If you love books and you love mysteries, it would make sense that you'd love mysteries with a bookish backdrop. Or "bibliomysteries," a "small but elevated category of literature" that Otto Penzler (owner of the Mysterious Bookshop and the publisher of Mysterious Press) recently discussed over on the Open Road Media blog.
And there are so many good ones out there! Might I recommend a few?
Love cozy mysteries: Death on Demand by Carolyn G. Hart
The very first in Hart's Death on Demand mystery series introduces mystery bookshop owner Annie Laurance Darling and the endearing cast of characters who populate this South Carolina setting. The prime suspect of a murder, Annie becomes a reluctant sleuth, and her adventure is peppered with references to classic mystery authors that will undoubtedly lengthen your TBR list.
Love historical mysteries: Anna's Book by Ruth Rendell / Barbara Vine
Originally published as Asta's Book in the U.K. (long out of print but now available in eBook), this is an unexpected gem from Rendell's extensive oeuvre. A diary written by a young Danish woman in turn-of-the-century London becomes a huge commercial success; years later, these memoirs shed light on two unsolved murders.
Love literary thrillers: The Salinger Contract by Adam Langer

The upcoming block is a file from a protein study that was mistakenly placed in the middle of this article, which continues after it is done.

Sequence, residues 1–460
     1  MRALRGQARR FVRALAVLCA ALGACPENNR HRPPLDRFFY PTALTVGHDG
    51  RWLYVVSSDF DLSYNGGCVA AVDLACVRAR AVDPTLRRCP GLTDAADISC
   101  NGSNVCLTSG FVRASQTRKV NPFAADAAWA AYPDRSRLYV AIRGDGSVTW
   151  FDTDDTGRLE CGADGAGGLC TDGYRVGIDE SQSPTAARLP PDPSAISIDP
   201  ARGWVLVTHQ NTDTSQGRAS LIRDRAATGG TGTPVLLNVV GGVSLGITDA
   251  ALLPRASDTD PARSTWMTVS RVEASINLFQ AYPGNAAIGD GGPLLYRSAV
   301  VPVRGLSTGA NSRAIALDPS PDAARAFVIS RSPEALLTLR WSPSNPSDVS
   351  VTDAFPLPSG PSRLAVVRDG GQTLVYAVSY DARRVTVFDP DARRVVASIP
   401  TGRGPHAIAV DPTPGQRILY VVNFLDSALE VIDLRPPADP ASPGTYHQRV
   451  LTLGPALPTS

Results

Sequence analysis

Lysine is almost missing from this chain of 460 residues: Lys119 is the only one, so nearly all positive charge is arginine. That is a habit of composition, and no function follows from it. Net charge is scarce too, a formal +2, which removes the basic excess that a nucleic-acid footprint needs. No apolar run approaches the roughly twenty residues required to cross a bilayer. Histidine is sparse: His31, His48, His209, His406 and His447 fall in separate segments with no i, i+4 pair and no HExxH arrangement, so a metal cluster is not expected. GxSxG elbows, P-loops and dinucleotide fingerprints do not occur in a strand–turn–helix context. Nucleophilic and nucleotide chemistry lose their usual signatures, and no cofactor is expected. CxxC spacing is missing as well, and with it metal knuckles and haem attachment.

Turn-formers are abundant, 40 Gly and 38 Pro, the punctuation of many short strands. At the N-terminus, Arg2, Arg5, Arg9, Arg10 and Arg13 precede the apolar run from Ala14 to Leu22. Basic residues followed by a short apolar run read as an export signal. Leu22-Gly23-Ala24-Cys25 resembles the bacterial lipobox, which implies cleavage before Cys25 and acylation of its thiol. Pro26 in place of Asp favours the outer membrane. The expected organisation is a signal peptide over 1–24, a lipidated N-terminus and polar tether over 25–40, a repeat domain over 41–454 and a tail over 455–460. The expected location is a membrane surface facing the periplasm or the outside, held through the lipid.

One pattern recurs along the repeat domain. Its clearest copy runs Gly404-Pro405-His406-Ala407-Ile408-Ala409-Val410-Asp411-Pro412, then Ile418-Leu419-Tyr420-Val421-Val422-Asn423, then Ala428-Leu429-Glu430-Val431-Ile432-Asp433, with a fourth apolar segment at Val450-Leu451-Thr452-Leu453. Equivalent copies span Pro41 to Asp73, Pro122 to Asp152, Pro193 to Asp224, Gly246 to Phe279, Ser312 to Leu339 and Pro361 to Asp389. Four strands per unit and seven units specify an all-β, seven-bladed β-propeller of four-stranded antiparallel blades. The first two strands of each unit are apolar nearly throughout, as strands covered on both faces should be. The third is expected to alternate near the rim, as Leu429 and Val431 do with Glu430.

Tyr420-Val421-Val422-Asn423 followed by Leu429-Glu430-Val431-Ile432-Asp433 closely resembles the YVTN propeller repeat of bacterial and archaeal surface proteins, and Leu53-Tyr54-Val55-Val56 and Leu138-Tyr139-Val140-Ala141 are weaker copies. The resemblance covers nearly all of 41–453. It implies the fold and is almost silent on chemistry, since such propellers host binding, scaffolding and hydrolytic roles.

It seems fitting that the author and narrator of this book have the same name; it is, after all, a mystery about writers and writing. It's packed with bookish delights, including a sinister book collector, lots of literary references and shrewd insight into the publishing world.
Love collecting rare books: Bookscout by John Dunning
After years out of print, this one's now available as an eBook—though it's short enough to be considered a short story. Things get desperate for a rare book hunter, and the result is an interesting balance of book-collecting facts and mystery.
Readers, chime in! What bookish mysteries do you recommend?
Kelly Parsons is a board-certified urologist with degrees from UPenn, Stanford University and Johns Hopkins, and he takes all that surgeon's knowledge and puts it to better use (in my opinion, but I'm biased) with his debut medical thriller, Doing Harm.
We meet chief resident Steve Mitchell, a rising star with a bright surgical future who our reviewer calls "engagingly flawed." But then a patient dies of mysterious circumstances, and the killer starts toying with Steve, threatening his career, his marriage and even his life. And with an actual surgeon behind it, Doing Harm is the perfect blend of authentic hospital atmosphere and tense life-and-death moments.